Nicole Krauss’ The History of Love was one of those novels you couldn’t get away from when it was published here in the UK back in 2006. I loved it. Since then I’ve read several novels by Krauss but none have quite matched it for me, including the smartly clever Forest Dark. That didn’t deter me from snapping up her first collection of short stories, To Be a Man, which explores the many and various relationships between men and women.
From my walks alone in Geneva, I already understood that the power to attract men, when it comes, arrives with a terrifying vulnerability
As ever, I’ll pick out a few favourites to give a flavour of this collection of ten stories, most satisfyingly lengthy, which span several continents. The opening piece, Switzerland, sees a woman watching her twelve-year-old daughter, so sure of herself she faces down the male attention she’s already attracting, reminding her of Soraya, the sexually adventurous young woman she knew when she spent a year in Geneva aged thirteen. A woman visits the Tel Aviv flat left to her by her beloved father in I Am Asleep but My Heart is Awake and is astonished when a stranger lets himself in, claiming to be her father’s friend, who takes good care of her while treating the flat as his own. In Amour the passion shared by a couple is not enough to sustain one of them when the consideration of a friend throws a beam of light on her lover’s nature. The Husband, my favourite of the ten, is about a daughter deeply suspicious when her widowed mother accepts the man Tel Aviv social services present to her as her lost husband, a man the rest of the family seems to accept unquestioningly much to her consternation, then a crisis shifts her view. Only one didn’t quite work for me, the titular story which explores masculinity through two very different men in separate sections which didn’t quite gel.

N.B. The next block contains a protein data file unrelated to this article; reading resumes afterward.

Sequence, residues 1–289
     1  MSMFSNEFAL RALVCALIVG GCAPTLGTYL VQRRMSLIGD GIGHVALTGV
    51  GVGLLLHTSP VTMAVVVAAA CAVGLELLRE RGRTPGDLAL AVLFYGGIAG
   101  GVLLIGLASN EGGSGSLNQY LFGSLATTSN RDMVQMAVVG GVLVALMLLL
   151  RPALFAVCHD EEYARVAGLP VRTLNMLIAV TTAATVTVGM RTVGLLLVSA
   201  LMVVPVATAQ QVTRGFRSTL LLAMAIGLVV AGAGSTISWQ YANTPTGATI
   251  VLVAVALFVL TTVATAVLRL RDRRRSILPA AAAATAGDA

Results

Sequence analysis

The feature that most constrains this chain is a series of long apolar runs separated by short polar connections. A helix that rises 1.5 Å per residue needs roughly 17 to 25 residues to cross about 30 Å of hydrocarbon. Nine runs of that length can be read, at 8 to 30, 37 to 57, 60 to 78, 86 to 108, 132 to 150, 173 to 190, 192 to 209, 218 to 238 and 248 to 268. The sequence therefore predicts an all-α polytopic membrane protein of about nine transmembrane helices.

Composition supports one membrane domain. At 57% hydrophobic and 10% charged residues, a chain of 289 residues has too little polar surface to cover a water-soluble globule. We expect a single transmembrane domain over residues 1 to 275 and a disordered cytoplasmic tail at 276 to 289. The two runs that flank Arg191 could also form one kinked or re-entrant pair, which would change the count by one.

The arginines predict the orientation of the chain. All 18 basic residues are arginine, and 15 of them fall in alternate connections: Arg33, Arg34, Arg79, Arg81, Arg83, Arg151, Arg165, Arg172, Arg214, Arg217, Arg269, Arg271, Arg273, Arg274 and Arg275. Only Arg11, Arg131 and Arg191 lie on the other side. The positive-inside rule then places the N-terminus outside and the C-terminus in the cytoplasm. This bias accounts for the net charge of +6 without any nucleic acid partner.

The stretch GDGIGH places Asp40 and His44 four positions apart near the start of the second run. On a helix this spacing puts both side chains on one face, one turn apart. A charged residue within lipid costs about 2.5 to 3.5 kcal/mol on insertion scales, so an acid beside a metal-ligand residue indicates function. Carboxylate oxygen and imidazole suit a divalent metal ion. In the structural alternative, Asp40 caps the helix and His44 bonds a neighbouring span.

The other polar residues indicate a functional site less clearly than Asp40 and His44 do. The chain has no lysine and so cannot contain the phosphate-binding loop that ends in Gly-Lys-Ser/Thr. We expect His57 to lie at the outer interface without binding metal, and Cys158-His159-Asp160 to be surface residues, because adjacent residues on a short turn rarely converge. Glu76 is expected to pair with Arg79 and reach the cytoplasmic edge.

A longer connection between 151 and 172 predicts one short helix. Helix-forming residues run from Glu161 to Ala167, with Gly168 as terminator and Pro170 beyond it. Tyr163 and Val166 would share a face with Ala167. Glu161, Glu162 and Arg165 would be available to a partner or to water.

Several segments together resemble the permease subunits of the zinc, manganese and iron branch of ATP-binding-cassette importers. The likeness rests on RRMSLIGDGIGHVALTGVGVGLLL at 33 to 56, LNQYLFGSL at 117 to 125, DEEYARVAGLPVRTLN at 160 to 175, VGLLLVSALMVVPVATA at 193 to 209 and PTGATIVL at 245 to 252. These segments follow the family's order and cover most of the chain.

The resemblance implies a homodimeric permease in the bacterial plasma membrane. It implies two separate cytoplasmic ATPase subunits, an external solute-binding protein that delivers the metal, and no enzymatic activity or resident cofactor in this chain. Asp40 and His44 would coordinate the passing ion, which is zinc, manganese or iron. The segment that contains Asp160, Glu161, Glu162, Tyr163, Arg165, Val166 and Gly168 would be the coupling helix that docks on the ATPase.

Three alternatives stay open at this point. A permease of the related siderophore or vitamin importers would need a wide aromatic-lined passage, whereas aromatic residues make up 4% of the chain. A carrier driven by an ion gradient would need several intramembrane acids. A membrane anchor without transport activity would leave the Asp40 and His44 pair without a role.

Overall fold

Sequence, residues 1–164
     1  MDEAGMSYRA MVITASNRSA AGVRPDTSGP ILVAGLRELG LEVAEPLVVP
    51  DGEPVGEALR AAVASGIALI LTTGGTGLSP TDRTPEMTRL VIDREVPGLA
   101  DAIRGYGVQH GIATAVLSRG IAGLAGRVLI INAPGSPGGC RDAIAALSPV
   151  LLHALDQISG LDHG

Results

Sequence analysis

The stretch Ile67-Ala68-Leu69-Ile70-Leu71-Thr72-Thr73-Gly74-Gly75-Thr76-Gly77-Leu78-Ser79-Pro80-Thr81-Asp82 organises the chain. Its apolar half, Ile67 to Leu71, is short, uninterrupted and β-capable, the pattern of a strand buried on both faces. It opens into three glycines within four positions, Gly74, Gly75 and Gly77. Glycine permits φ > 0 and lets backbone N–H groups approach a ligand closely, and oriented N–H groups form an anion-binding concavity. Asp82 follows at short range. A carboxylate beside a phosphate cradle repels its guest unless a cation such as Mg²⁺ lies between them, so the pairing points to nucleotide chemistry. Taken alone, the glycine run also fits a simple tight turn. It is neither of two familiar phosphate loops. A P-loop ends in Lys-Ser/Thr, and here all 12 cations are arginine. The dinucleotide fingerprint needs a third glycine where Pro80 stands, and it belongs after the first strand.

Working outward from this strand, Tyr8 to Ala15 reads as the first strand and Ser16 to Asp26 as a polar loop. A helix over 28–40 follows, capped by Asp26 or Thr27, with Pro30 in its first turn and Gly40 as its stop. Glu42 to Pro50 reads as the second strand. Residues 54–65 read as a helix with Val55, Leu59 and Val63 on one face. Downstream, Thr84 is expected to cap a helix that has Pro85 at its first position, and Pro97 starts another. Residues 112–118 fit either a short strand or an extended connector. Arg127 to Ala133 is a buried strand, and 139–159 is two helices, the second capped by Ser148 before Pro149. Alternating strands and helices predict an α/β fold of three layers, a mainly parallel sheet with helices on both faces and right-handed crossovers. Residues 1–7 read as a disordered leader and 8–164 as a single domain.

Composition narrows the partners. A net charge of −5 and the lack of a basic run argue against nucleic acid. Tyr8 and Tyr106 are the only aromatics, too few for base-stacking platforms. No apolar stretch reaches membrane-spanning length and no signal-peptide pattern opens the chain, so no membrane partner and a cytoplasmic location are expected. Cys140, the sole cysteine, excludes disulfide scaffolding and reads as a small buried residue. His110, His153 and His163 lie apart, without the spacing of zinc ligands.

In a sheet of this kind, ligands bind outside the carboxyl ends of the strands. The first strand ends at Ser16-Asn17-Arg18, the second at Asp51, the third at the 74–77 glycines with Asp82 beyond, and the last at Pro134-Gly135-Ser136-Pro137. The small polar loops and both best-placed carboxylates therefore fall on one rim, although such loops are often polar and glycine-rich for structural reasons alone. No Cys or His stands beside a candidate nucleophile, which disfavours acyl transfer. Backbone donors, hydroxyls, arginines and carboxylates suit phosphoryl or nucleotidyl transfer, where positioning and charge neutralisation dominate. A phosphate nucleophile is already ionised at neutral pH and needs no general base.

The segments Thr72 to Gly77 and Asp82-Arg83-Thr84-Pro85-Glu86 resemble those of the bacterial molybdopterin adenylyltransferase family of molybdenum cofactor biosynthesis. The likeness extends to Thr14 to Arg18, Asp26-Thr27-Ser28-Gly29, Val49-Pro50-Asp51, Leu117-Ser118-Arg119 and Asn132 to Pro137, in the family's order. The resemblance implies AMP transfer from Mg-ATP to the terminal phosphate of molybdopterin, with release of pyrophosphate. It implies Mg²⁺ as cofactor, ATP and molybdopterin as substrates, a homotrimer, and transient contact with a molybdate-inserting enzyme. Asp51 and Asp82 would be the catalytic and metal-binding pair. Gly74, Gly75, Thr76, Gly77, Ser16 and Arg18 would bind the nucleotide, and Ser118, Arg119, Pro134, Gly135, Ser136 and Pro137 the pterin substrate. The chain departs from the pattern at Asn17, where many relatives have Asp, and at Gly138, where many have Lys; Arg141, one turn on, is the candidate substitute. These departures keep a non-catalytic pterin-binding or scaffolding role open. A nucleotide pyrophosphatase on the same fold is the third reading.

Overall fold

A woman living on her own is not a condition that required the emergency airlift of a man, she wants to argue, on the contrary
These are intelligent, thoughtful stories, some played out against a backdrop of dramatic events – a rapidly moving bush fire, a refugee camp, in the shadow of 9/11 – spanning many parts of the world from Tel Aviv to Kyoto, Latin America to New York. Most of Krauss’ narrators are women, their relationships with sons, fathers, brothers, husbands, and lovers explored through strong and independent voices, exposing the tensions between the sexes. All inhabit carefully constructed vibrant worlds in which we’re immersed for a short time. Each story is sufficient unto itself, flowing easily from one to the next although one stood out as a little different for me, perhaps because of its male narrator: In the Garden sees a troubled personal secretary to ‘the best landscape architect in Latin America’ contemplating the extent of his own silent complicity in the acquiescence of the man he so admires in their country’s brutal regime. A great piece, although it seemed to belong to another collection somehow. Altogether a thoroughly accomplished set of stories which I hope will be the first of many from Krauss.
Bloomsbury Publishing: London 9781408871829 240 pages Hardback